LAUSANNE, Switzerland (AP) -- The IOC is standing behind the anti-doping rule that will prevent American runner LaShawn Merritt from defending his 400-meter gold medal at the 2012 London
The IOC executive board and athletes' commission declared their full backing Wednesday for the rule, which bars any athlete with a doping suspension of at least six months from competing in the following games.
The Olympic officials rejected claims that the rule amounted to a second punishment, saying it is the IOC's right to rule on who can participate in its event.
"The athletes made it very clear they support the rule,"
vice president Thomas Bach said. "The rule applies. It shows the full resolve of the IOC in the fight against doping and demonstrates that Olympic athletes serve as role models worldwide."
The rule was approved by the IOC in 2007 and went into effect just before the 2008
Merritt, winner of the 400 meters in Beijing and the world champion in 2009, received a 21-month suspension last year after testing positive for a banned substance found in a male enhancement product.
His ban expires in July, meaning he can return to international competition, including possibly the world championships in Daegu, South Korea. But Merritt is ineligible to compete in London a year later because of the IOC rule.
"We made it clear from the very beginning that it is not a sanction," said Bach, a German lawyer who heads the IOC's juridical commission. "It is a condition of participation. The IOC is governing the
and has the right to put conditions for participation."
The American arbitrators who banned Merritt have contested the IOC rule, saying it goes against the World Anti-Doping Agency code and would essentially extend his ban to three years.
Bach acknowledged the rule could face legal challenges, possibly in the Court of Arbitration for Sport.
"We will see what happens," he said. "We are interested to solve it as soon as possible."
Merritt was given 21 months instead of the usual two-year suspension because he cooperated with authorities and was found to not have taken the drug to enhance athletic performance.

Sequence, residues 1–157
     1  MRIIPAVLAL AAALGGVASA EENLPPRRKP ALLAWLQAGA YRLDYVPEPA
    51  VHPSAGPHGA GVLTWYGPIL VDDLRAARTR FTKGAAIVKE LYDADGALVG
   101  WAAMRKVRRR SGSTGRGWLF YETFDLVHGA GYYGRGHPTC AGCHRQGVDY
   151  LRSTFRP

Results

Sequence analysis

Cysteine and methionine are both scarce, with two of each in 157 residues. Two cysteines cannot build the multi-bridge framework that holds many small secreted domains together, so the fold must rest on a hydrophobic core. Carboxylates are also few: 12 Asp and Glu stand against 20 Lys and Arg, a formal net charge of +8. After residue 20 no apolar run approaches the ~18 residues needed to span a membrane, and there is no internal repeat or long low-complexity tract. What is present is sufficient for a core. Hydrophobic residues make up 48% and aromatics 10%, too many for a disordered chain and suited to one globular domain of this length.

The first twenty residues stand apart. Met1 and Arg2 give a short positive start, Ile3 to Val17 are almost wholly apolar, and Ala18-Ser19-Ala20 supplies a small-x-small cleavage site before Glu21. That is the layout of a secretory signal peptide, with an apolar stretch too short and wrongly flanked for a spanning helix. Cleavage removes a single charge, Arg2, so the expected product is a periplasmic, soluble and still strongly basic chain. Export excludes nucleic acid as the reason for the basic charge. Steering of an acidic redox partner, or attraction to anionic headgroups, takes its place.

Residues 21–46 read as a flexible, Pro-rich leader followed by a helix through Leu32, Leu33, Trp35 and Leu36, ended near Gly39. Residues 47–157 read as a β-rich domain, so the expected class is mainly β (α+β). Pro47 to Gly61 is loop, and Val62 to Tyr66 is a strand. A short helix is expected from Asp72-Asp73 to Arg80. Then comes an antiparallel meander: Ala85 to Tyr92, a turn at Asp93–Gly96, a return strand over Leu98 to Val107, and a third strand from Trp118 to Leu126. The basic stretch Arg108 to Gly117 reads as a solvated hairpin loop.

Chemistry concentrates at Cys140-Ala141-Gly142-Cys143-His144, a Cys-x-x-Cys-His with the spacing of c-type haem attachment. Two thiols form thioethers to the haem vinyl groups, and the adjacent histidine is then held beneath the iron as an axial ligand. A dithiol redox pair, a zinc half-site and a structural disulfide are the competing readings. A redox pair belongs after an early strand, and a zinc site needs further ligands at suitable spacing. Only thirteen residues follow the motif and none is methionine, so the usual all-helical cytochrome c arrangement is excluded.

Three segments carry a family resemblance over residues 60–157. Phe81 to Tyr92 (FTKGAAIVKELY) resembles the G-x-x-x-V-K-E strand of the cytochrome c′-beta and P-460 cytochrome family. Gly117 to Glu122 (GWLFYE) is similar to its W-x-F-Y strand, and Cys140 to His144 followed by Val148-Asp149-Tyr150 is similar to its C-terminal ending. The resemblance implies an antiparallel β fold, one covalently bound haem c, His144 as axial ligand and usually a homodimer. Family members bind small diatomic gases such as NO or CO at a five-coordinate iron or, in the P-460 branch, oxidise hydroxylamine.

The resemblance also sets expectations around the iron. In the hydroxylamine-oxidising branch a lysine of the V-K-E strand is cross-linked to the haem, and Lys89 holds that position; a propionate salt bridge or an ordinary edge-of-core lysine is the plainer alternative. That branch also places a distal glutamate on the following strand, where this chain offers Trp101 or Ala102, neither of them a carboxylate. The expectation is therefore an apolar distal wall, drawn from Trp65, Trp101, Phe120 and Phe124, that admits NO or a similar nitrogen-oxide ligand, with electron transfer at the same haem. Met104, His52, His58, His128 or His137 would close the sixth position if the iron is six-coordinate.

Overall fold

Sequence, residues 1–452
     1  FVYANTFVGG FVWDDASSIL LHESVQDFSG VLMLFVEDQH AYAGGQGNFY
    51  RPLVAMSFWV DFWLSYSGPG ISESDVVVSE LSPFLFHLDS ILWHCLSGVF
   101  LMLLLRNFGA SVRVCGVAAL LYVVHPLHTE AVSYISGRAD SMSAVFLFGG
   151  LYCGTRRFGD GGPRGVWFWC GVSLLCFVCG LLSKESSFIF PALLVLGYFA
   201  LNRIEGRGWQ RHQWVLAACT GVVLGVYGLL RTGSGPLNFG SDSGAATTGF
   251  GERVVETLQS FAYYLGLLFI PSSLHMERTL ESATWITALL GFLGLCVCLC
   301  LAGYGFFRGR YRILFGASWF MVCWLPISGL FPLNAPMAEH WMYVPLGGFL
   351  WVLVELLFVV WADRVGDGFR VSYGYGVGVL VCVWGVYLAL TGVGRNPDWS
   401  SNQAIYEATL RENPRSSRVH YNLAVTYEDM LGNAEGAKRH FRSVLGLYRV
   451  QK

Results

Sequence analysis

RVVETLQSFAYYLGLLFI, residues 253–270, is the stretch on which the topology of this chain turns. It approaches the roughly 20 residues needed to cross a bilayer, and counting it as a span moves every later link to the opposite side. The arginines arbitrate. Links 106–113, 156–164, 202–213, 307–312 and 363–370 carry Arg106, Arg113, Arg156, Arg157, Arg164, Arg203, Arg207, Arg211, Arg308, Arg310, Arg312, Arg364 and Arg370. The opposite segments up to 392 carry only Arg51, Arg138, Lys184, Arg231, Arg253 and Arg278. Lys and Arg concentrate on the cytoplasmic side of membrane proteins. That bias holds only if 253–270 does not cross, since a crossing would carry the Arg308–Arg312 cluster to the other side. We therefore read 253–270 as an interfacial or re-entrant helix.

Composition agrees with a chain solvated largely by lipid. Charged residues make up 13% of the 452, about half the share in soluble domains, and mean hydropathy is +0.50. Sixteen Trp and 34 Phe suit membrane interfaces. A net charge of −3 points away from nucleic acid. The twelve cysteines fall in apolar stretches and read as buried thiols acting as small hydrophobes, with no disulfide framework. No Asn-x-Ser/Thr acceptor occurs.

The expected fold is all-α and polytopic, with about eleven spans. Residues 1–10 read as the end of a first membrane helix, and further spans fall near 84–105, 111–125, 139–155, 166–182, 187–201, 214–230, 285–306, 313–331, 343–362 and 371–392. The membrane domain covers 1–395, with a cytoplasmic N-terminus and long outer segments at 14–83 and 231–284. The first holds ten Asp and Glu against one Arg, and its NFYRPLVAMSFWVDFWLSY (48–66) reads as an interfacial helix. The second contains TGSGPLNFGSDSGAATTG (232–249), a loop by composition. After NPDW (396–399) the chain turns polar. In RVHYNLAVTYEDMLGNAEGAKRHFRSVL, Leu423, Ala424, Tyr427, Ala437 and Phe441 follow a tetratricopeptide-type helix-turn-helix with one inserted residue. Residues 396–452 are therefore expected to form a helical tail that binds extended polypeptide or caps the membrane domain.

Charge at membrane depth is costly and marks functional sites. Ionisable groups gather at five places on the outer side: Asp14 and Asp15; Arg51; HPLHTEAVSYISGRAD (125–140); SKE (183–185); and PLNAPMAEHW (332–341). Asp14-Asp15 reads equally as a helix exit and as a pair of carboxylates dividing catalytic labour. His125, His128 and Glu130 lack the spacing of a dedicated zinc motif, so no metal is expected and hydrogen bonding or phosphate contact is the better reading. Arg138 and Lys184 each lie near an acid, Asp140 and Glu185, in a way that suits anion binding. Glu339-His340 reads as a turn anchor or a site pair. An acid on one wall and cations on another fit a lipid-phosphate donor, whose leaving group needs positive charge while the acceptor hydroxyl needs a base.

U.S. Anti-Doping Agency CEO Travis Tygart said Wednesday the IOC rule might be counterproductive by discouraging athletes from offering to cut deals to help catch cheats.
In a statement to The Associated Press, Tygart said each case should be reviewed by an independent legal panel "to determine the fairness of the automatic application of the IOC rule."
"The review process should be fundamental given that the rule goes beyond the WADA Code and unintentionally has had the effect of both deterring those who would otherwise provide substantial assistance to anti-doping authorities and causing tribunals to reduce the standard WADA Code sanction clearly to circumvent the IOC rule," Tygart said.
Frank Fredericks, a former Namibian sprinter who chairs the IOC athletes' commission, said he personally favored even tougher measures -- lifetime Olympic bans for dopers. The British Olympic Association has such a policy.
"I like the rule," Fredericks said. "If we could all adopt it, it would solve a lot of things. We would know that anyone who tests positive would not compete in the Olympics. If the rest of the world could adopt that, it would be nice. It would give more credibility to any Olympic champion."
But Fredericks said lifetime bans were less acceptable to the majority of his commission.
"When you try to weigh the two, it seems like the (IOC) rule is a nicer one to have than the BOA rule," he said.
Among others who could be affected by the rule is American basketball star
, who tested positive for the stimulant modafinil in November while playing in the Turkish women's league. Taurasi, who helped the U.S. win gold medals at the past two Olympics, could be banned for up to two years.